1. Linked representation

Binary trees in linked representation are stored in the memory as linked lists. These lists have nodes that aren’t stored at adjacent or neighboring memory locations and are linked to each other through the parent-child relationship associated with trees. 

In this representation, each node has three different parts – 

  • pointer that points towards the right node, 
  • pointer that points towards the left node, 
  • data element. 

This is the more common representation. All binary trees consist of a root pointer that points in the direction of the root node. When you see a root node pointing towards null or 0, you should know that you are dealing with an empty binary tree. The right and left pointers store the address of the right and left children of the tree.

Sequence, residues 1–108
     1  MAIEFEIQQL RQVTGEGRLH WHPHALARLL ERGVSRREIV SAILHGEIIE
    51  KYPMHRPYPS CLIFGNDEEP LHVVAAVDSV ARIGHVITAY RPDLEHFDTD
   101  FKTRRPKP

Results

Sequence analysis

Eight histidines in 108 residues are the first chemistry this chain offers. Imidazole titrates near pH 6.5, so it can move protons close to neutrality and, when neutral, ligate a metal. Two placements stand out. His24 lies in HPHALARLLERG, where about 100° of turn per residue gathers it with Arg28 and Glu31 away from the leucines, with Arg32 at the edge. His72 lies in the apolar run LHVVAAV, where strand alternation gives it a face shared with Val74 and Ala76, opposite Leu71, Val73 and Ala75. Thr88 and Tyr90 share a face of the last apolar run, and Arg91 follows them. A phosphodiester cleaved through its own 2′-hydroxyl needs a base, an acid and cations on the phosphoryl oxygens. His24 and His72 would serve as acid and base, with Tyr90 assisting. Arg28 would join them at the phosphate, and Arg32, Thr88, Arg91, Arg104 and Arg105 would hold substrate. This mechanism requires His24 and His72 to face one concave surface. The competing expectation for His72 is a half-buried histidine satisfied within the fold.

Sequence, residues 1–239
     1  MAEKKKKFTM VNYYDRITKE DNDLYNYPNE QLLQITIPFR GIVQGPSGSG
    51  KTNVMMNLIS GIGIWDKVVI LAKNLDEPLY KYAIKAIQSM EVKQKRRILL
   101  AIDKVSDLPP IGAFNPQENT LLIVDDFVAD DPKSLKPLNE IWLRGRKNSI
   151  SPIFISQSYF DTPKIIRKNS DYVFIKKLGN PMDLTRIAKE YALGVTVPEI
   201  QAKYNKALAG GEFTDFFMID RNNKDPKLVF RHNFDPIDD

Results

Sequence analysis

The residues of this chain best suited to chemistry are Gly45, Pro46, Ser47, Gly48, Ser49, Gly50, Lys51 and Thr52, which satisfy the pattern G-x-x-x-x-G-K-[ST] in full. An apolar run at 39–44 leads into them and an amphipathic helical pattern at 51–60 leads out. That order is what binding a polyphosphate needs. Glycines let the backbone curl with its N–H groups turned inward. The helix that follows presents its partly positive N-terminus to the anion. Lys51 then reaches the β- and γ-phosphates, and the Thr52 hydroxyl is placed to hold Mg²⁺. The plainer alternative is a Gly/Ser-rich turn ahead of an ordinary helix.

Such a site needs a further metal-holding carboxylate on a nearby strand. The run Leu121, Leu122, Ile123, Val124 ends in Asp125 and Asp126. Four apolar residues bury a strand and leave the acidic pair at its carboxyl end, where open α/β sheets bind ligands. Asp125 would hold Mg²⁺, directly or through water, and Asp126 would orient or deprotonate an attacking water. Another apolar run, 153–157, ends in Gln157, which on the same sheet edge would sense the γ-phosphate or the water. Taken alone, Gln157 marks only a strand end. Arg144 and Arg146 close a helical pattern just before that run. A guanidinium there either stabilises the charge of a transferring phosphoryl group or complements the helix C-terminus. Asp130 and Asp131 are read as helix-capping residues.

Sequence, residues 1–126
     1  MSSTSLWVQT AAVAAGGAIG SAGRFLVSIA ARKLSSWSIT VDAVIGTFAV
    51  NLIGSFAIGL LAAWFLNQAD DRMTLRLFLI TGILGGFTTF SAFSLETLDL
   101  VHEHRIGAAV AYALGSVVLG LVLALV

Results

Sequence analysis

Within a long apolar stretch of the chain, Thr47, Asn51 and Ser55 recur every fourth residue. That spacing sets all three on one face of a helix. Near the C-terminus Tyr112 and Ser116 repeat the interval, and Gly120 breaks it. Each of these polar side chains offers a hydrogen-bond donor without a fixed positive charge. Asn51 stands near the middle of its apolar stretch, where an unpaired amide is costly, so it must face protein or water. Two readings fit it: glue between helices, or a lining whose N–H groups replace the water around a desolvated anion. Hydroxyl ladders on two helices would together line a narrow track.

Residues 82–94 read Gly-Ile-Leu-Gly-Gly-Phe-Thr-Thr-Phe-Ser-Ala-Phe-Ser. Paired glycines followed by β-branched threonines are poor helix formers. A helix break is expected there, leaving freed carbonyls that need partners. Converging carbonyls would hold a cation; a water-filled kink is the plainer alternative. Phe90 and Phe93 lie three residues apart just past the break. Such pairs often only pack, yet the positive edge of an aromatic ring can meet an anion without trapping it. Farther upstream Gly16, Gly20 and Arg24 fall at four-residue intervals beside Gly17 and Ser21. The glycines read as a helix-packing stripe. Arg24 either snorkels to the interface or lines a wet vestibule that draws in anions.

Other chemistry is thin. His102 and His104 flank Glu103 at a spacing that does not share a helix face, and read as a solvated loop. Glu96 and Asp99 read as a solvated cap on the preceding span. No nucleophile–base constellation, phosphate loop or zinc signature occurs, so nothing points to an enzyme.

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2. Sequential representation

Although it is simpler than linked representation, its inefficiency makes it a less preferred binary tree representation of the two. The inefficiency lies in the amount of space it requires for the storage of different tree elements. The sequential representation uses an array for the storage of tree elements.

The number of nodes a binary tree has defines the size of the array being used. The root node of the binary tree lies at the array’s first index. The index at which a particular node is stored will define the indices at which the right and left children of the node will be stored. An empty tree has null or 0 as its first index. 

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Types of binary trees

  1. Full binary trees: Full binary trees are those binary trees whose nodes either have two children or none. In other words, a binary tree becomes a full binary tree when apart from leaves, all its other nodes have two children.